Why is Lennie responsible for his own actions in "Of Mice And Men"?

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                        Of Mice and Men

          How Lennie is responsible for his own actions?

Throughout the novel ‘of Mice and Men’ John Steinbeck presents Lennie as a harmless giant, a huge, bear-like man whose hands are described as ‘paws’, strong ,slow witted ,loyal and innocent. Steinbeck presents Lennie physically as a huge character but with a child’s mind in a man’s body. But along with a childish innocence Steinbeck illustrates that Lennie can be devious, manipulative and responsible for his own actions and also shows how many times he is irresponsible due to his child like mind and not being able to understand like an adult would. Steinbeck shows how life was tough for working men in the 1930s especially for migrant workers like Lennie and particularly if they had such a limited ability as he had. The largely unskilled work that they did was seasonal in that they have to move from ranch to ranch as the work becomes available, so they never have a home and can have few possessions. Steinbeck illustrated how working men had to be responsible for their actions to be able to get a job, a house and even to get a family but this was very hard for men in those days. Many men travelled west to California ,thinking like George and Lennie in the novel, that they could pick up a cheap piece of land, start their own farm and live a better life but Steinbeck shows how Lennie was responsible in his aim  to achieve their dream but  becomes irresponsible towards the end of the novel following the tragic death of Curley’s wife .

Steinbeck begins and ends the novel by the pool in the river. Steinbeck compared Lennie to a bear in his initial description. Bears can be viewed as fluffy and comical, but it also suggests a hidden danger and unknown strength as bears can kill .Steinbeck illustrated how Lennie likes to stroke soft things, but inadvertently killed the mouse when he was stroking it because he could not control his own strength and had no idea what he had done to the little animals. The death of the mouse foreshadows death in future events. Before the arrival of George and Lennie, there is a sense of symmetry and much of the language is repeated, giving the novel a feeling of coming full circle. Within the novel Steinbeck showed that Lennie was doomed to fail within the setting of the novel using a cyclical structure painting a repeated theme of loss and death throughout the novel. We know from an early stage in the book that Lennie accidentally kills all of his little  pets that he loved including his mice, dogs , kittens etc but does so without really noticing what he has done until George has to tell him that he was the one that had  done something seriously wrong to his pets causing their deaths . Even after getting told off by George Lennie does not really understand the true  implications of what he has done and doesn’t   really comprehend  that he was the actual person that had killed them “ I pinched their heads a little and then they was dead because they was so  little“.  Lennie’s remorse was probably more about the anger that he had caused to George more than any  upset about the animals that had died at his hands .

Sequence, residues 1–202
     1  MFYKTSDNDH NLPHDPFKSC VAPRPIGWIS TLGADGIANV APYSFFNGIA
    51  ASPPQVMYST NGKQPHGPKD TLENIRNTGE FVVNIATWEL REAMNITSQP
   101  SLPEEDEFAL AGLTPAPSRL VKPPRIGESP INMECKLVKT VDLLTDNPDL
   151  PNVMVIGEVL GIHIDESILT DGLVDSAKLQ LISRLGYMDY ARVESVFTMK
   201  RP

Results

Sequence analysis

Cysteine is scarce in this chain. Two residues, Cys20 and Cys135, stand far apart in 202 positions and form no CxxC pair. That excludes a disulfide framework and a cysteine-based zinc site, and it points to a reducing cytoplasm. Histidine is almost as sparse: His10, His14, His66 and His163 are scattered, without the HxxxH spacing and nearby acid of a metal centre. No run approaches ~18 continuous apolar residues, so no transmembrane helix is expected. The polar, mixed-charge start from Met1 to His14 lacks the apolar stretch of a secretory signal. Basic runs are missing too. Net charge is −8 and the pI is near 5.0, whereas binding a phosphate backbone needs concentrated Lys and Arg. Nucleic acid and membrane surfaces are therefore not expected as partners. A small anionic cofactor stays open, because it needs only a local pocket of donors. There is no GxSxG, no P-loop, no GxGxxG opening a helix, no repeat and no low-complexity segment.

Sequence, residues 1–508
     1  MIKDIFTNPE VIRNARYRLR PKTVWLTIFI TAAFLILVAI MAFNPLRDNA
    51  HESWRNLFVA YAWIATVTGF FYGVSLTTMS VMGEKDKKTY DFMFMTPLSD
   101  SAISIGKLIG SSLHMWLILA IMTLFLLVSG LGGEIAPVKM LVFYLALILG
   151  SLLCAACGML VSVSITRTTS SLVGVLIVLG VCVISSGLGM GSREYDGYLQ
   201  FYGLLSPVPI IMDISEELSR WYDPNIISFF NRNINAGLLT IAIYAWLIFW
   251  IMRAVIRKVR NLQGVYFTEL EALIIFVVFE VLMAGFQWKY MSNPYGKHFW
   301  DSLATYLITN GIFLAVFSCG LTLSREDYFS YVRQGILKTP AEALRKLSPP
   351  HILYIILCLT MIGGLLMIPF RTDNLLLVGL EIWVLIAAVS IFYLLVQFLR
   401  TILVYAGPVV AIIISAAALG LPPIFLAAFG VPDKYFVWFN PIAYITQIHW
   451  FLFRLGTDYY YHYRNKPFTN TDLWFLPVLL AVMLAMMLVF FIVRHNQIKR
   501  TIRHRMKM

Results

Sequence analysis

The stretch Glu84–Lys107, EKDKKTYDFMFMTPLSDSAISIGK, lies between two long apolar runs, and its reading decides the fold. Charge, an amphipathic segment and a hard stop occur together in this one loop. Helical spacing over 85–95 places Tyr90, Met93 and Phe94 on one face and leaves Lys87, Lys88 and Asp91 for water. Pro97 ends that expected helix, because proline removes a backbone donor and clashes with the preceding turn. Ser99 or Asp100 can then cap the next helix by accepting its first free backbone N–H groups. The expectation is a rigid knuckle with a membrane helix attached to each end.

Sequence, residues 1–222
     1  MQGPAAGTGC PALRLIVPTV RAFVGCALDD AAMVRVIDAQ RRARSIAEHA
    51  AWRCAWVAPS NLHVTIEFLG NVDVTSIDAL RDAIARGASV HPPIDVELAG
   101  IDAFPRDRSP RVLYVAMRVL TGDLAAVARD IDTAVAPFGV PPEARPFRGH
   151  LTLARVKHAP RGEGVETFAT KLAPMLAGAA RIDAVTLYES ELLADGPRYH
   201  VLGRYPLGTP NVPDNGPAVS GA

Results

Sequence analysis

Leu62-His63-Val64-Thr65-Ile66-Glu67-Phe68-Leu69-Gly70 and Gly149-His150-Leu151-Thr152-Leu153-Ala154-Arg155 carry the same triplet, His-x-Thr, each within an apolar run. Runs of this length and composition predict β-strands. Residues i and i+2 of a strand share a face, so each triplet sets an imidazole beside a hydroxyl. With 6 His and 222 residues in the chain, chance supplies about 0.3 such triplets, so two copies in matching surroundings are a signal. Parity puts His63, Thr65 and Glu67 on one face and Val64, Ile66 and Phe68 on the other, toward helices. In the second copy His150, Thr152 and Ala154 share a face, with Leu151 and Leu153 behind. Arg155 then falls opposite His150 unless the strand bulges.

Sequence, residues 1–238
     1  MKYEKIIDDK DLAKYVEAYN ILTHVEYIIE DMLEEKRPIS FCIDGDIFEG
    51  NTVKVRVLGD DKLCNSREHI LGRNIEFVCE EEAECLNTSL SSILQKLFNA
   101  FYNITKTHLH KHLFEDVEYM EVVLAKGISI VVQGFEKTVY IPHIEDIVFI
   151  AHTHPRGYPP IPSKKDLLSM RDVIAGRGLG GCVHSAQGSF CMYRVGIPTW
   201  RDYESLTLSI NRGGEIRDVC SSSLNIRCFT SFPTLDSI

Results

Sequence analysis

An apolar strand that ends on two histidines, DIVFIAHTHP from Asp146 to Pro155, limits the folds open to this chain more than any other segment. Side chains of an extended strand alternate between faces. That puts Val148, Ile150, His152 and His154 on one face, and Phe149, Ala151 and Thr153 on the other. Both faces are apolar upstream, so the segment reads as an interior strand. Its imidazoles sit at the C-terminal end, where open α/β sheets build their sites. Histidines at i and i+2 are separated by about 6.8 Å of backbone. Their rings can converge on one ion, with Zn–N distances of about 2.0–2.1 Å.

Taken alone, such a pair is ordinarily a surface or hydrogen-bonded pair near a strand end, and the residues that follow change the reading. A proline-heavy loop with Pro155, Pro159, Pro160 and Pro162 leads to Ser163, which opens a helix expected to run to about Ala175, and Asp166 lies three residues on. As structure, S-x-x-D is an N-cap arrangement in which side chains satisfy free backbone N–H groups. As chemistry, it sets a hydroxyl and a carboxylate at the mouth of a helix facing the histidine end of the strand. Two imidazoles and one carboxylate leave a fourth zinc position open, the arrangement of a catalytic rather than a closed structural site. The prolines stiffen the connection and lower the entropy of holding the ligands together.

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Steinbeck symbolises danger by repeating the red dress which could suggest danger due to the girl in Weed with the red dress. Steinbeck exemplifies how Lennie was responsible for the death of the mouse and then his dog due to his physical strength but demonstrates that Lennie was unaware that such a tragedy could happen to these animals due to his own power by showing us how Lennie liked to pet soft things; this warned the reader and foreshadowed the danger to Curley’s wife particularly  when he demonstrated possible danger while he describing how he liked to pet her hair ...

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